Breakin’ the Law, Breakin’ the Law

Perhaps Arnold Schwarzenegger will sing some Judas Priest at his New Year’s party tonight as yet another judge rules his furloughs are illegal:

An Alameda Superior Court judge has ordered the Schwarzenegger administration to stop furloughing thousands of public servants who are members of three major public sector unions, including the Service Employees International Union, Local 1000, offering state workers a huge legal victory as 2010 begins.

In a ruling handed down late Thursday, Judge Frank Roesch said the governor’s reliance on provisions of the state’s Emergency Services Act to order mandatory furloughs was flawed and illegal, saying “the emergency necessitating them was the failure of the Legislature to pass the budgets” yet the administration continued the furloughs even after the budgets were passed.

This comes on the heels of several other recent court decisions regarding Arnold’s budget cuts, including a recent case won by the prison guards union and another recent case blocking cuts to IHSS workers. As a result Arnold is whining about the courts, apparently upset that he is a governor and not a dictator, living in a system with three equal branches of government:

Schwarzenegger suggested in October that when judges make decisions, they should take into account the fact that California is grappling with a historic shortfall.

“Whenever they agree with me, they’re right, very simple,” Schwarzenegger said wryly in a Capitol news conference. “When they don’t agree with me, they’re wrong and they’re interfering with our governing of the state.”

Whatever, dude. Next time, try budgeting within the law rather than against it. Maybe in 2010 Arnold can make a resolution to actually solve the state’s budget crisis with lasting new revenues instead of breaking the law and hoping the courts won’t notice.

6 thoughts on “Breakin’ the Law, Breakin’ the Law”

  1. Instead of counting their blessings that they’re not being fired like the rest of us, they’re wasting their members’ dues fighting this in court. Hope their members enjoy standing on the unemployment line now that the Governor is out of options.

  2. I agree that it’s important to follow the law — especially politicians.  What I don’t agree with is progressives’ incessant call for increased government revenues to support government worker wages.  On average, government workers earn more in wages and benefits than the private sector workers.  When you increase taxes you’re effectively advocating for an income transfer from the relatively poor private sector workers to the relatively rich government workers.  Progressives always side with the rich, powerful unions and against the poor and working class.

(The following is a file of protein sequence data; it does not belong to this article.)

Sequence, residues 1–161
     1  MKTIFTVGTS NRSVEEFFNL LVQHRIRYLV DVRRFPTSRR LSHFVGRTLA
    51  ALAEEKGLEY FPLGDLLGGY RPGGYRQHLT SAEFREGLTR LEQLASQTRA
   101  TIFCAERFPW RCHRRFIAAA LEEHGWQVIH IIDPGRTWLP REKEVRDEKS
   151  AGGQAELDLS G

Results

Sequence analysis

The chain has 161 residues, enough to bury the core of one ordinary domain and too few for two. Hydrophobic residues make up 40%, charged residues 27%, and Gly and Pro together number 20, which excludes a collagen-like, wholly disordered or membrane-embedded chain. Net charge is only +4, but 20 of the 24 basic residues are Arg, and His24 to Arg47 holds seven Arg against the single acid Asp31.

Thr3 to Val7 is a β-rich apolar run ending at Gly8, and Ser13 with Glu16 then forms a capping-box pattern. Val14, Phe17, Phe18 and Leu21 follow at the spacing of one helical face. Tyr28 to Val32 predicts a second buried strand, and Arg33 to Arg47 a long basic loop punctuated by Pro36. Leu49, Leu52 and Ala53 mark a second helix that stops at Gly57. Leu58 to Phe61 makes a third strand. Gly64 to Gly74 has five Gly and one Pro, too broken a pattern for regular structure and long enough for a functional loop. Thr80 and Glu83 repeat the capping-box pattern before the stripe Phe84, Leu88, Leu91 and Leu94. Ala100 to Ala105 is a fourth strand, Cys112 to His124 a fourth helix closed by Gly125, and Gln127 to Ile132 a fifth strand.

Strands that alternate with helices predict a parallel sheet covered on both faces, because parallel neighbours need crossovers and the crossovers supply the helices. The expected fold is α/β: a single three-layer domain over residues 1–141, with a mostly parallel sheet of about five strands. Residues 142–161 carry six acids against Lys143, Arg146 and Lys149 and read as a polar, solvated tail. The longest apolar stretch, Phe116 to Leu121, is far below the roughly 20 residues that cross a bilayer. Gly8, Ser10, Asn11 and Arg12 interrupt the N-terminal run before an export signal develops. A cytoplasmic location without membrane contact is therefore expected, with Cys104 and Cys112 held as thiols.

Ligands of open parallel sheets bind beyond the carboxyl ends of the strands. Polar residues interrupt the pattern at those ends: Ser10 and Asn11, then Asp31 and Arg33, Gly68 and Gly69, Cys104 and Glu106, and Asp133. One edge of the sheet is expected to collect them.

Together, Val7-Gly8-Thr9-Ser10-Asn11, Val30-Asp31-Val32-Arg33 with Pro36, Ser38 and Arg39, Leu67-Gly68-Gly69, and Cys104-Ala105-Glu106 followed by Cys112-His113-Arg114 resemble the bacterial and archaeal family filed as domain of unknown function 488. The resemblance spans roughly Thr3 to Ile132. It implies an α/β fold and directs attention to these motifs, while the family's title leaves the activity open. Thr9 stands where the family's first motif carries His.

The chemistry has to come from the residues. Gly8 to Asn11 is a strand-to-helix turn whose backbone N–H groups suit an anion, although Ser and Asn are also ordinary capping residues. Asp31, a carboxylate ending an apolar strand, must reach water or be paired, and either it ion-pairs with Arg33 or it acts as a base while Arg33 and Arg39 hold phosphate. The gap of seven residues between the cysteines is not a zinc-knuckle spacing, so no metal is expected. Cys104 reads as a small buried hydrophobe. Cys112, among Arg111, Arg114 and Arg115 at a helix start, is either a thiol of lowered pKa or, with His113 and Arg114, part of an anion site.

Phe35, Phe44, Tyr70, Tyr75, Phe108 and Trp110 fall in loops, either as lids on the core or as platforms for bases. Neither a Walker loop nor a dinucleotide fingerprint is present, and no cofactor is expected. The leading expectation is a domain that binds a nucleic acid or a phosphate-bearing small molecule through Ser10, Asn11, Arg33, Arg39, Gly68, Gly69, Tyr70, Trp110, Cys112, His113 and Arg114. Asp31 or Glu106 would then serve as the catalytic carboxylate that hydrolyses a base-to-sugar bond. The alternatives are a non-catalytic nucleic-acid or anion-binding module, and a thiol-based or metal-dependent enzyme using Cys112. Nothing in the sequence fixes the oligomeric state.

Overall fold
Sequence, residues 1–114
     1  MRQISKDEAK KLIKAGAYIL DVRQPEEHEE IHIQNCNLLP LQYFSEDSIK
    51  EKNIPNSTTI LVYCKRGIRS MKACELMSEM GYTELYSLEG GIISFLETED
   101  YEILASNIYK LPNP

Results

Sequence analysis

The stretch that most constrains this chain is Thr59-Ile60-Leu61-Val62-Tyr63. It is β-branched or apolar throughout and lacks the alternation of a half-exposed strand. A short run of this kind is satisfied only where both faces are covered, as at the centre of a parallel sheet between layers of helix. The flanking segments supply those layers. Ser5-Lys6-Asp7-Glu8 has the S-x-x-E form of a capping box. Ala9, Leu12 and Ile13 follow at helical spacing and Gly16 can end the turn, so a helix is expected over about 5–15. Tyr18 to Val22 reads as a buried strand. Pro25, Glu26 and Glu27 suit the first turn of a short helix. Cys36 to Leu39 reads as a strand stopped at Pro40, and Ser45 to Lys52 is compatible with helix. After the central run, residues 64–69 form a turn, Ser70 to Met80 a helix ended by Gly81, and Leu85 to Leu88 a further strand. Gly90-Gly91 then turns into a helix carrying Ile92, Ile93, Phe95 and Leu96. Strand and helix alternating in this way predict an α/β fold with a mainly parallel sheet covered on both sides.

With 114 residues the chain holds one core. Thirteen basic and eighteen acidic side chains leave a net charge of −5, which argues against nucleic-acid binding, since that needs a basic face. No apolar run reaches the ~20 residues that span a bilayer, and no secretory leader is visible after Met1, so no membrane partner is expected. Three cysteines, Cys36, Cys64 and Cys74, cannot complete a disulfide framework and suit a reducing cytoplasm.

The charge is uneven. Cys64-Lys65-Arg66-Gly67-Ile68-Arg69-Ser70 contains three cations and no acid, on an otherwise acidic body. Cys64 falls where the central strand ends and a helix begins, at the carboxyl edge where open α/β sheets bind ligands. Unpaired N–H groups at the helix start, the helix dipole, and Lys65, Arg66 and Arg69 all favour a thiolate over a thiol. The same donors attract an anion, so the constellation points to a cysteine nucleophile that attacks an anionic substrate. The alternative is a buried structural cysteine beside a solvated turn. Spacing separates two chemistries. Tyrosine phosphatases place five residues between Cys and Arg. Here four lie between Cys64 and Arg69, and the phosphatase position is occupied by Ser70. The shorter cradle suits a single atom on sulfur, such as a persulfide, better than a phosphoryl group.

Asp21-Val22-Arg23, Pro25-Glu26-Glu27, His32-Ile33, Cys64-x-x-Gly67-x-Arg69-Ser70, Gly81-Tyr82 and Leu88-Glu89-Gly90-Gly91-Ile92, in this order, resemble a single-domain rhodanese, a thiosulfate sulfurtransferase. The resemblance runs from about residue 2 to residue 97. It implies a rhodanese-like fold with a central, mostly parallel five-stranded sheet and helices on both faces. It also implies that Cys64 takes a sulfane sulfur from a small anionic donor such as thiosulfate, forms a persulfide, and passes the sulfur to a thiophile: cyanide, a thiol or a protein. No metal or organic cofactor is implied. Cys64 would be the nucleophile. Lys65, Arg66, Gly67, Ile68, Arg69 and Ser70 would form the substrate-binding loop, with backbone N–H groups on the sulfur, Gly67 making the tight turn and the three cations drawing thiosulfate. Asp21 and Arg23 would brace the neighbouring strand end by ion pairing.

3. Well said.

    And for those who blame the unions for the court battle- it is not the union’s fault if the Gov breaks the law.  You have to enforce the provisions of a contract or there’s no contract in effect.  A unilateral 15% pay cut is not actually an option, the employer is required to negotiate.

    Another reason to get realistic about state revenue, there are unescapable costs for human labor in a civilized society.  

    Arnold could always opt to bargain in good faith the first time.  That would save a lot of money.

  4. The likely result of the ruling will be to get Arnie & Co. back to the bargaining table. The Unions negotiated an agreement with Arnie last year that would have helped to address the State’s budgetary problems. It was Arnie who immediately violated the agreement by ordering more furloughs.

    Arnie’s strategy has been to engage in bad-faith bargaining and then up the ante. He has been pursuing what he probably knew were illegal actions, while counting on the slowness inherent in the court system to delay any legal push-back. Any ruling at the appellate level will probably take a year. By that time he will be out of office. It is likely that  the voters of the State will elect a Democrat to the Governors office next November. That Democrat will get stuck with the bill for Arnie’s illegal actions in addition to rest of the  mess the he is leaving behind. This is the outcome that I believe that Arnie is working towards.  If Judge Roesch does not grant a stay of his ruling during appeal, I believe that Arnie will be forced back to the bargaining table where negotiations will be much more difficult.  

  5. The other option, of course, is to make real cuts. This will further erode public services and throw thousands onto the unemployment rolls–raising state unemployment figures and costs. The higher unemployment numbers will raise forclosure rates and cut the property tax income to the state and to the counties. It will cut revenue of local businesses and therefore sales tax revenues. It’s a dangerous downward spiral.

    It’s also pretty much guaranteed suicide unless you’re just running for office and trying to sound like a budget hawk. Otherwise, spreading this kind of misery tends to make a sitting governor look pretty bad. As Arnold would have found out already if the Assembly didn’t keep trying to stop it.

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